From now til next season, Brides-les-Bains is the go-to town for French salad-dodgers looking to slim down with the help of the local spa pools and health workshops. Ski rental stores are now summer fashion outlets catering for the rotund, and walking around town is comparable to being on the spaceship from Wall-E. The town may have changed drastically, but it's as hospitable and friendly as it was all winter. We may have landed in Brides because it was the only place we could afford, but it turned out to be just what we wanted. We can't recommend it highly enough.
The Three Valleys as a whole is an incredible range, but there's no escaping the big let-down of the season. Sorry to go on about it, but it's a thorn in my side. It's no surprise that the Meribel park was never firing when the overwhelming majority of its seasonaires have no real interest in riding, even when presented with so much amazing terrain. Everyone's entitled to their own way of enjoying their season, and the party side of things should and will always be a part of it, but the balance isn't right in this resort.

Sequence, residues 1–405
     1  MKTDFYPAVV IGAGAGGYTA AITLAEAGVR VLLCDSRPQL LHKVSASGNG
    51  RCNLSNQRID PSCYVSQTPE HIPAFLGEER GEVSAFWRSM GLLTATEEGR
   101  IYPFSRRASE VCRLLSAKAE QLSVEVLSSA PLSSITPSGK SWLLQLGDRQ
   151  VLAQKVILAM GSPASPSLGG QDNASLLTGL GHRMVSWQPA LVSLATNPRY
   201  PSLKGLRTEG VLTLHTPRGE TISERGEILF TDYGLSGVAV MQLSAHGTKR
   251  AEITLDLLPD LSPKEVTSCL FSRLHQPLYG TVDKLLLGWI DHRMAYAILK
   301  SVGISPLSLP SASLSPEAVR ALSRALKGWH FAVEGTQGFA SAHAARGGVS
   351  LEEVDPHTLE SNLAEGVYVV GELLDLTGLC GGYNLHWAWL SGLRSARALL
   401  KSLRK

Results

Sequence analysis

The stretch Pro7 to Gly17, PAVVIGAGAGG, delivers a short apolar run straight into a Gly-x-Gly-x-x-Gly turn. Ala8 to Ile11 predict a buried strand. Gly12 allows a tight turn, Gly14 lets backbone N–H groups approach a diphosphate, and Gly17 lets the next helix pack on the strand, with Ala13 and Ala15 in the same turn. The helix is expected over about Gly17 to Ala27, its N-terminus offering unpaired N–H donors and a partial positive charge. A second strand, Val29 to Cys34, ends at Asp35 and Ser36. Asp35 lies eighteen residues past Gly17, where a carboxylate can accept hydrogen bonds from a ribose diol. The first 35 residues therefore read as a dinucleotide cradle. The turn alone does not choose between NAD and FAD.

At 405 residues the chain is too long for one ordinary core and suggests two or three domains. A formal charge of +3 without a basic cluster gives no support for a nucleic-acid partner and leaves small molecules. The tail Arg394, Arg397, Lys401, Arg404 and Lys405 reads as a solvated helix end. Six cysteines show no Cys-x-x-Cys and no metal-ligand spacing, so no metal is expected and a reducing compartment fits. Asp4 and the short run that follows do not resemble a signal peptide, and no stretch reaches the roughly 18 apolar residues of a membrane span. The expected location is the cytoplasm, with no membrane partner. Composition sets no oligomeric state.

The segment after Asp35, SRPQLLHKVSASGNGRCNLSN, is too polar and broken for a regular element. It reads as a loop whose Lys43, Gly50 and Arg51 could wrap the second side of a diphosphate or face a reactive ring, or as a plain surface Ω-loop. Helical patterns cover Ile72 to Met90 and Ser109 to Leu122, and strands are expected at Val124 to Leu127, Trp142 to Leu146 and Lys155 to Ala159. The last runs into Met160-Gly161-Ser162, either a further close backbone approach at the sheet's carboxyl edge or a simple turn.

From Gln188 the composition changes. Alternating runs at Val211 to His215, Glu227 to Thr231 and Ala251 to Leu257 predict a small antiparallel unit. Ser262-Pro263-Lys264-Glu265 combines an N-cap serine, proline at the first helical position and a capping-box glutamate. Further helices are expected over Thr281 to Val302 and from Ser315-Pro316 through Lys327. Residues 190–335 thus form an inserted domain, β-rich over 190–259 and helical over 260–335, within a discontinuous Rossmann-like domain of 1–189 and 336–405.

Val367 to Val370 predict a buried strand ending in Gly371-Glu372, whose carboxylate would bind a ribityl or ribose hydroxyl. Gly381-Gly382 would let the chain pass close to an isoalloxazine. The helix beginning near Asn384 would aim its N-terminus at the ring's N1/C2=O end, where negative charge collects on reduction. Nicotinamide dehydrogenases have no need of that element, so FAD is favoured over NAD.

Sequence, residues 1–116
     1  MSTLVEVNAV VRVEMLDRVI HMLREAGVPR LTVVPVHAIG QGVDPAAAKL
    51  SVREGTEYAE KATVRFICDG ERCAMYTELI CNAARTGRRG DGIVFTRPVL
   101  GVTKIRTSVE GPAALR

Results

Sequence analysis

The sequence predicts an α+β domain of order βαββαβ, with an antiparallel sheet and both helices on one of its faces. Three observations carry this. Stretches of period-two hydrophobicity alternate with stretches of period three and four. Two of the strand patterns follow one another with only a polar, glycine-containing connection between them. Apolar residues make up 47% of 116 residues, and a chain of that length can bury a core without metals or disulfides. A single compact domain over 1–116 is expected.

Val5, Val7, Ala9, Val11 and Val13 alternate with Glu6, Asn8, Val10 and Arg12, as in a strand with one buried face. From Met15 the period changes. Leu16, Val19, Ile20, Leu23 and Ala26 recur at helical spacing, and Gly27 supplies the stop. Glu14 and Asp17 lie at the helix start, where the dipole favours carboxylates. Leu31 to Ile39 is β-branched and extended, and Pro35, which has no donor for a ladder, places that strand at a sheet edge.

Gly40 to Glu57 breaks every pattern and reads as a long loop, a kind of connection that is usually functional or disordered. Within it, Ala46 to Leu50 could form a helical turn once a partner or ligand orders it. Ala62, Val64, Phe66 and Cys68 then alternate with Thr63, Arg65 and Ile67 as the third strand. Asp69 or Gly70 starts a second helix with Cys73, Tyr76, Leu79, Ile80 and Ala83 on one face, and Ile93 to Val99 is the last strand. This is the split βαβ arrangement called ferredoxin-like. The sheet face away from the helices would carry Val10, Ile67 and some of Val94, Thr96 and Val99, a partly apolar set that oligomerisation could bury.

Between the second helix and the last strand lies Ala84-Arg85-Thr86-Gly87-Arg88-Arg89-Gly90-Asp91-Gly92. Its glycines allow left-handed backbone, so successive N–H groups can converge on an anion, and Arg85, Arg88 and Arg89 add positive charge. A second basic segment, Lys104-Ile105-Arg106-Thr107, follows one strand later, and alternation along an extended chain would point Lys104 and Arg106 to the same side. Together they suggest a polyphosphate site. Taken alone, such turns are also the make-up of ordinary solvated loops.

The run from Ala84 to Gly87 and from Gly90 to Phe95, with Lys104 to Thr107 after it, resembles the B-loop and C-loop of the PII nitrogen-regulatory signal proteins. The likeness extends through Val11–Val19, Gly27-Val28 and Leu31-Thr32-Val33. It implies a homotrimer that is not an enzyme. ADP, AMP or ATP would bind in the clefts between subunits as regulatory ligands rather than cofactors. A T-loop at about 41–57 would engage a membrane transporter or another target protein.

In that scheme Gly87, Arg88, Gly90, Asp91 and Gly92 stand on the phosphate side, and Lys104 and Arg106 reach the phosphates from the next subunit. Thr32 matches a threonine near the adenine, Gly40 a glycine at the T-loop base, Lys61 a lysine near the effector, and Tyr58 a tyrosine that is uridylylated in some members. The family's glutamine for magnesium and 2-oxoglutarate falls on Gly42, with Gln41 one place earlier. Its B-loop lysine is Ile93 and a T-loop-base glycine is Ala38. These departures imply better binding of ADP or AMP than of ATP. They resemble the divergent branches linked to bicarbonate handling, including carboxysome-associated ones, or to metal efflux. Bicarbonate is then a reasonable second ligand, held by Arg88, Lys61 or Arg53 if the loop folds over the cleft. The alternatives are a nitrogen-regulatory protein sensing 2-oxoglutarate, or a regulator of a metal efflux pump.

That's all from Brides. It's been an awesome five months, with more highlights than I can list here. Thanks to all those who read Unbez over the winter. Thanks especially to Kyla, for everything. The last word must go out to the good people at Sire de Beaupre, to whom we are both eternally grateful. We'll miss you.
Thursday, April 15, 2010
Cheers again to Ben and Coz for another awesome Tignes trip, this time featuring Nicol Paton. Got a good wee shred in with him before he and Ben headed off to Morzine for the Lowrider grom camp.
Back in Brides, the conditions have stayed as good as we could have hoped for. With the slopes getting quieter, and the park demolished, the Meribel season is almost over. Before it was too late, we had to tend to some unfinished business...